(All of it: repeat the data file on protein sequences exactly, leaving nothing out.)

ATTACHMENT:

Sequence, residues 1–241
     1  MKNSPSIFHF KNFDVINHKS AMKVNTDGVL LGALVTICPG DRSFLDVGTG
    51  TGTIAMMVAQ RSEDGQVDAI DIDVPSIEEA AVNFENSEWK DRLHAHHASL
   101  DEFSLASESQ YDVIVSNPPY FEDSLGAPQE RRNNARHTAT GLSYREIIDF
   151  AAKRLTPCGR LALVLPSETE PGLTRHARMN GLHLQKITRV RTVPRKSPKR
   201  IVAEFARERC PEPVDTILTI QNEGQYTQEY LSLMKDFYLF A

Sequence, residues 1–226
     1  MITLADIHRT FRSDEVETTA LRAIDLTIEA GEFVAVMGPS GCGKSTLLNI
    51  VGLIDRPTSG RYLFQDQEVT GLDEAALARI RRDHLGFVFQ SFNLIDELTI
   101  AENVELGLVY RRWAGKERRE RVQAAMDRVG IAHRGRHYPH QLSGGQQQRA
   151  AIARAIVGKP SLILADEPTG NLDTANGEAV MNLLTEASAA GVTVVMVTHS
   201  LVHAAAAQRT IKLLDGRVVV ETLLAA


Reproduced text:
Sequence, residues 1–241
     1  MKNSPSIFHF KNFDVINHKS AMKVNTDGVL LGALVTICPG DRSFLDVGTG
    51  TGTIAMMVAQ RSEDGQVDAI DIDVPSIEEA AVNFENSEWK DRLHAHHASL
   101  DEFSLASESQ YDVIVSNPPY FEDSLGAPQE RRNNARHTAT GLSYREIIDF
   151  AAKRLTPCGR LALVLPSETE PGLTRHARMN GLHLQKITRV RTVPRKSPKR
   201  IVAEFARERC PEPVDTILTI QNEGQYTQEY LSLMKDFYLF A

Sequence, residues 1–226
     1  MITLADIHRT FRSDEVETTA LRAIDLTIEA GEFVAVMGPS GCGKSTLLNI
    51  VGLIDRPTSG RYLFQDQEVT GLDEAALARI RRDHLGFVFQ SFNLIDELTI
   101  AENVELGLVY RRWAGKERRE RVQAAMDRVG IAHRGRHYPH QLSGGQQQRA
   151  AIARAIVGKP SLILADEPTG NLDTANGEAV MNLLTEASAA GVTVVMVTHS
   201  LVHAAAAQRT IKLLDGRVVV ETLLAA